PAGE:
Groups that had been fighting individually against oil spills, polluting factories and power plants, raw sewage, toxic dumps, pesticides, freeways, the loss of wilderness, and the extinction of wildlife united on Earth Day around these shared common values. Earth Day 1970 achieved a rare political alignment, enlisting support from Republicans and Democrats, rich and poor, urban dwellers and farmers, business and labor leaders. By the end of 1970, the first Earth Day led to the creation of the United States Environmental Protection Agency and the passage of other first of their kind environmental laws, including the National Environmental Education Act, the Occupational Safety and Health Act, and the Clean Air Act. Two years later Congress passed the Clean Water Act. A year after that, Congress passed the Endangered Species Act and soon after the Federal Insecticide, Fungicide, and Rodenticide Act. These laws have protected millions of men, women, and children from disease and death and have protected hundreds of species from extinction.
As 1990 approached, a group of environmental leaders approached Denis Hayes to once again organize another major campaign for the planet. This time, Earth Day went global, mobilizing 200 million people in 141 countries, and lifting environmental issues onto the world stage. Earth Day 1990 gave a huge boost to recycling efforts worldwide and helped pave the way for the 1992 United Nations Earth Summit in Rio de Janeiro. It also prompted President Bill Clinton to award Senator Nelson the Presidential Medal of Freedom — the highest honor given to civilians in the United States — for his role as Earth Day founder.
As the millennium approached, Hayes agreed to spearhead another campaign, this time focused on global warming and a push for clean energy. With 5,000 environmental groups in a record 184 countries reaching out to hundreds of millions of people, Earth Day 2000 built both global and local conversations, leveraging the power of the Internet to organize activists around the world, while also featuring a drum chain that traveled from village to village in Gabon, Africa. Hundreds of thousands of people also gathered on the National Mall in Washington, DC for a First Amendment Rally.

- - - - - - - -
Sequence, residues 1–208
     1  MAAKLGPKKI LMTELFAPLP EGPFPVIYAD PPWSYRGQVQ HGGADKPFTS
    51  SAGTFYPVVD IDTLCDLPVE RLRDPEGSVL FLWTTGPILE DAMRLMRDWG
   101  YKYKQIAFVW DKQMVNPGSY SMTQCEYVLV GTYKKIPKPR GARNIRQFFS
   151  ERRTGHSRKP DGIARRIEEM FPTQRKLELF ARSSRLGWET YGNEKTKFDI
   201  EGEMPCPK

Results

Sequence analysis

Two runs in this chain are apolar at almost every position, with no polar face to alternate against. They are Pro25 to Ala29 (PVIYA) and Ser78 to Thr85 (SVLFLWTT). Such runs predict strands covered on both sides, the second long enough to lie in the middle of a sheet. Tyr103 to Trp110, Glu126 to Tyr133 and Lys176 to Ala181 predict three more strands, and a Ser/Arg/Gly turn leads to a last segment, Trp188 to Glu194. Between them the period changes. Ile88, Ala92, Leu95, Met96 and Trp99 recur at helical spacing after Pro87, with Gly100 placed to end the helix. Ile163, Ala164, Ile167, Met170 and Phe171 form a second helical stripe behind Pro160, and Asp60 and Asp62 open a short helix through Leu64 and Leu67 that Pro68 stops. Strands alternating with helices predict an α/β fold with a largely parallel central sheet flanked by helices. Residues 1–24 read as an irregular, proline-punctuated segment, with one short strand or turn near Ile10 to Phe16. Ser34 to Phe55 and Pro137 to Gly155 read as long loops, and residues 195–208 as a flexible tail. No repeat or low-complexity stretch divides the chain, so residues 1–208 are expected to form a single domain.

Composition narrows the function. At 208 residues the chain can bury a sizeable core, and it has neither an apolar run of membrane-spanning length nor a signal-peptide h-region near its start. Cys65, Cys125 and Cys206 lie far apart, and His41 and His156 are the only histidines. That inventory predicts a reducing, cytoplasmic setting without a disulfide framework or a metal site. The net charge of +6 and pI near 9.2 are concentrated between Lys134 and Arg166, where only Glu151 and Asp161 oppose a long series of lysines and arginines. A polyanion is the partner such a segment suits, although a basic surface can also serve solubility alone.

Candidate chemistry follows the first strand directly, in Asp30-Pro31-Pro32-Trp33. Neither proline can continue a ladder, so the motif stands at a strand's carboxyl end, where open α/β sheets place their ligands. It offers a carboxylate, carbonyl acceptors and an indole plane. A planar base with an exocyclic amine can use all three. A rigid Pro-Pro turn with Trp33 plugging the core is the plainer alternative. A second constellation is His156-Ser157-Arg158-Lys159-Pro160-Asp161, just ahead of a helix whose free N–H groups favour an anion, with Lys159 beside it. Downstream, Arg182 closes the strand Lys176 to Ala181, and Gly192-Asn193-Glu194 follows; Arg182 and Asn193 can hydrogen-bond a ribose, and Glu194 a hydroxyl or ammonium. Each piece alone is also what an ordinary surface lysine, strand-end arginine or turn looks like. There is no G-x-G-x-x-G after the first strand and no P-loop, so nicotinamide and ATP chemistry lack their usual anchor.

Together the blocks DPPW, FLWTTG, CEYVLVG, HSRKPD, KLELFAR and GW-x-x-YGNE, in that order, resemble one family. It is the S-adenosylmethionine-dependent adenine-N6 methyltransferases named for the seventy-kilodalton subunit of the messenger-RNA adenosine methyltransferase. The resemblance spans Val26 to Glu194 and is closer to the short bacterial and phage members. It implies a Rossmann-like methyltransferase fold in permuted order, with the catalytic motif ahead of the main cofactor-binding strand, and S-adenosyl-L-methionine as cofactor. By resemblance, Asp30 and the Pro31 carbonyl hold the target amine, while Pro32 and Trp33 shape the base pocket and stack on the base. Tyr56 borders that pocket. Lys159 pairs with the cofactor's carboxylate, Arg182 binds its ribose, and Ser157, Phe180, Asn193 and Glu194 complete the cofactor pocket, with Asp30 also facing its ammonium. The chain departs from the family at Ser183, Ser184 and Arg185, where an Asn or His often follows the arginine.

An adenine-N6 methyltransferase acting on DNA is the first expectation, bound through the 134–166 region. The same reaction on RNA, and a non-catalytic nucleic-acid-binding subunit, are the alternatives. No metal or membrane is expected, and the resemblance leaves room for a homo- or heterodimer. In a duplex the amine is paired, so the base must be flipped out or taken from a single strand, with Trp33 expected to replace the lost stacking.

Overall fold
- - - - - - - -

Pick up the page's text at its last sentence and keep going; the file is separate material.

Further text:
30 years on, Earth Day 2000 sent world leaders a loud and clear message: Citizens around the world wanted quick and decisive action on global warming and clean energy.
As in 1970, Earth Day 2010 came at a time of great challenge for the environmental community to combat the cynicism of climate change deniers, well-funded oil lobbyists, reticent politicians, a disinterested public, and a divided environmental community with the collective power of global environmental activism. In the face of these challenges, Earth Day prevailed and Earth Day Network reestablished Earth Day as a major moment for global action for the environment.